It can feel overwhelming to care about something that feels like it’s dying a death of a thousand cuts. But worrying about every potential threat, and trying to protect yourself from each of them, all of the time, is a recipe for failure. No one really needs to be vigilant about every threat at all times. That’s why our recommendation is to create a personalized security plan, rather than throwing your hands up or cowering in a corner. 

Once you’ve figured out what threats you should worry about, our advice is to stay involved. We are all occasionally skeptical that we can succeed, but taking action is a great way to get rid of that gnawing feeling that there’s nothing to be done. EFF regularly launches new projects that we hope will help you fight privacy nihilism. We’re in court many times a year fighting privacy violations. We create ways for like-minded, privacy-focused people to work together in their local advocacy groups, through the Electronic Frontier Alliance, our grassroots network of community and campus organizations fighting for digital rights. We even help you teach others to protect their own privacy. And of course every day is a good day for you to join us in telling government officials and companies that privacy matters. 

We know we can win because we’re creating the better future that we want to see every day, and it’s working. But we’re also building the plane while we’re flying it. Just as the death of privacy is not inevitable, neither is our success. It takes real work, and we hope you’ll help us do that work by joining us. Take action. Tell a friend. Download Privacy Badger. Become an EFF member. Gift an EFF membership to someone else.

Don’t give in to privacy nihilism. Instead, share and celebrate the ways we’re winning. 

Jason Kelley

Voting Against the Surveillance State | EFFector 36.2

2 weeks 1 day ago

EFF is here to keep you up-to-date with the latest news about your digital rights! EFFector 36.2 is out now and covers a ton of the latest news, including: a victory, as Amazon's Ring will no longer facilitate warrantless footage requests from police; an analysis on Apple's announcement to support RCS on iPhones; and a call for San Francisco voters to vote no on Proposition E on the March 5, 2024 ballot.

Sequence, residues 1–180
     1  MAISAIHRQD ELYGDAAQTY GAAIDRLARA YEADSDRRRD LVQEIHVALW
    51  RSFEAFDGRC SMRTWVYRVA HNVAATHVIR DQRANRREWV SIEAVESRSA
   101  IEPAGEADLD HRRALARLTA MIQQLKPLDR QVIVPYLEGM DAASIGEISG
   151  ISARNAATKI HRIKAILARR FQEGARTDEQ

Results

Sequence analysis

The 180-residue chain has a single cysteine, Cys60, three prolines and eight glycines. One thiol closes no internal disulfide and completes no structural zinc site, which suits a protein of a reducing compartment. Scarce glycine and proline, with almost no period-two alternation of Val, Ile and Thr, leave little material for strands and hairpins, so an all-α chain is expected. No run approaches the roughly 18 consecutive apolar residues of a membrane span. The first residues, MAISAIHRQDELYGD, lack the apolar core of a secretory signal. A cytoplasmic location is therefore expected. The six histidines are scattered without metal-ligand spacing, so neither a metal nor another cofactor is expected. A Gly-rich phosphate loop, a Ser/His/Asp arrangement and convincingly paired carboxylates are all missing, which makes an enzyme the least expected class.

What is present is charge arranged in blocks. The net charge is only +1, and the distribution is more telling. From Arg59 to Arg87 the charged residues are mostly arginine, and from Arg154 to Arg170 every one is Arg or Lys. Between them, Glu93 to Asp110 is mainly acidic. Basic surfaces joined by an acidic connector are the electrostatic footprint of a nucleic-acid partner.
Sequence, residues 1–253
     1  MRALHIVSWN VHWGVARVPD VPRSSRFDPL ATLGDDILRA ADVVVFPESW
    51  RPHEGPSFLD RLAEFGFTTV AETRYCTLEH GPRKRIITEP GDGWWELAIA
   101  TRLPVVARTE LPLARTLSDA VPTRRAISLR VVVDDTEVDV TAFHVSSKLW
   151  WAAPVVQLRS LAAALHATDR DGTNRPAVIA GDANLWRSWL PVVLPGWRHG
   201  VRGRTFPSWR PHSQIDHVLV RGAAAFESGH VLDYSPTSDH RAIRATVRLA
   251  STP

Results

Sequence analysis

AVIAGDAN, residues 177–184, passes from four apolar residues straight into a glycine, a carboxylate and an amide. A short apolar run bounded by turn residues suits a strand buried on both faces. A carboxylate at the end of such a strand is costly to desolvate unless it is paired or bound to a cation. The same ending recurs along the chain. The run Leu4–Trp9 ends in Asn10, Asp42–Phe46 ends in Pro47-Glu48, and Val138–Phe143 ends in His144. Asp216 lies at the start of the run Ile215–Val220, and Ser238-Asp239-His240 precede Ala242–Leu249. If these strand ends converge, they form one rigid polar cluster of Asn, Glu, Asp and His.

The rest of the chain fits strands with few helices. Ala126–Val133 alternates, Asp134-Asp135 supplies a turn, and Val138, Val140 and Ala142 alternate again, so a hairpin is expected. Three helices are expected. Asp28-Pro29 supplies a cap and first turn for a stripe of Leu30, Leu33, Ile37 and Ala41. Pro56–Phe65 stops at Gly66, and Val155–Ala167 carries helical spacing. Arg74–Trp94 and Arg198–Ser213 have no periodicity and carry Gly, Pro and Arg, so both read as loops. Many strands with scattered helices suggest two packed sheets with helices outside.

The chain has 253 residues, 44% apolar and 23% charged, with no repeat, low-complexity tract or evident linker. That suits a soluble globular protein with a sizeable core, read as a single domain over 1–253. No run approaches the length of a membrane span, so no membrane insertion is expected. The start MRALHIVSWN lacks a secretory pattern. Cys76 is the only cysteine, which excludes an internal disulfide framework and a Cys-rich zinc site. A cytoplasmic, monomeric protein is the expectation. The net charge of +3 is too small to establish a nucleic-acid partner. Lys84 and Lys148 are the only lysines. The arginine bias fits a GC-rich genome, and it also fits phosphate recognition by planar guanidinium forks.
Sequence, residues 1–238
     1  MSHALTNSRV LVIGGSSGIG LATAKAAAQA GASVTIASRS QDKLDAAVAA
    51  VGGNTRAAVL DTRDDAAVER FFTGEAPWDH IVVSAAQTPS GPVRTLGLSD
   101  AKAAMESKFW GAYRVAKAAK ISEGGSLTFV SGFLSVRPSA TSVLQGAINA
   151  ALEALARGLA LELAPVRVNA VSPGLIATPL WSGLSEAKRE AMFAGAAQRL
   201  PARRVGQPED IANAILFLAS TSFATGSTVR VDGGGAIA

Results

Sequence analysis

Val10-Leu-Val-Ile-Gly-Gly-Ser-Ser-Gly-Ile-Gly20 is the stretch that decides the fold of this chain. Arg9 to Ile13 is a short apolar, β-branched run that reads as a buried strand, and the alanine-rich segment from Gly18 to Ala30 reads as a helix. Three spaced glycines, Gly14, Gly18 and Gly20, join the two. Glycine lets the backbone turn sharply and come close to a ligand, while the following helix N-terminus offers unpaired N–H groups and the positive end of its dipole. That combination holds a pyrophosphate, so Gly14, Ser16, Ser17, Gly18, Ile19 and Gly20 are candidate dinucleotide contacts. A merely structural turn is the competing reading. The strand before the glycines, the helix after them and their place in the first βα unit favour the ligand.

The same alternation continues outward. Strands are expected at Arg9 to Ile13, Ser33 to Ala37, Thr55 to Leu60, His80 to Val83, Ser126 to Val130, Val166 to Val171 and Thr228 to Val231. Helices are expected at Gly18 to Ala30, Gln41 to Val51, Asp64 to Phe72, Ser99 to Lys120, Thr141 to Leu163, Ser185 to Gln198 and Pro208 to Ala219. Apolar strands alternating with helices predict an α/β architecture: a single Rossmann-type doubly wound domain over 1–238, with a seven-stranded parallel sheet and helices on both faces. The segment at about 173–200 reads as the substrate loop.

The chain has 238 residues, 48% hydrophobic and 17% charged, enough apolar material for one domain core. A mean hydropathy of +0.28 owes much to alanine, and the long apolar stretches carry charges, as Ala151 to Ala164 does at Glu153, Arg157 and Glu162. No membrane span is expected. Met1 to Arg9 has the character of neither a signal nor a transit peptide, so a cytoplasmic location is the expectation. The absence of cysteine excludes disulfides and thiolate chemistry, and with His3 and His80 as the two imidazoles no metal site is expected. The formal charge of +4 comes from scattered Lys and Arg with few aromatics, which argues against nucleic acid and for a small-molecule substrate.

You can read the full newsletter here, or subscribe to get the next issue in your inbox automatically! You can also listen to the audio version of the newsletter on the Internet Archive, or by clicking the button below:


EFFector 36.2 | Voting Against the Surveillance State

Since 1990 EFF has published EFFector to help keep readers on the bleeding edge of their digital rights. We know that the intersection of technology, civil liberties, human rights, and the law can be complicated, so EFFector is a great way to stay on top of things. The newsletter is chock full of links to updates, announcements, blog posts, and other stories to help keep readers—and listeners—up to date on the movement to protect online privacy and free expression. 

Thank you to the supporters around the world who make our work possible! If you're not a member yet, join EFF today to help us fight for a brighter digital future.

Christian Romero

EFF Helps News Organizations Push Back Against Legal Bullying from Cyber Mercenary Group

2 weeks 5 days ago

Cyber mercenaries present a grave threat to human rights and freedom of expression. They have been implicated in surveillance, torture, and even murder of human rights defenders, political candidates, and journalists. One of the most effective ways that the human rights community pushes back against the threat of targeted surveillance and cyber mercenaries is to investigate and expose these companies and their owners and customers. 

But for the last several months, there has emerged a campaign of bullying and censorship seeking to wipe out stories about the mercenary hacking campaigns of a less well-known company, Appin Technology, in general, and the company’s cofounder, Rajat Khare, in particular. These efforts follow a familiar pattern: obtain a court order in a friendly international jurisdiction and then misrepresent the force and substance of that order to bully publishers around the world to remove their stories.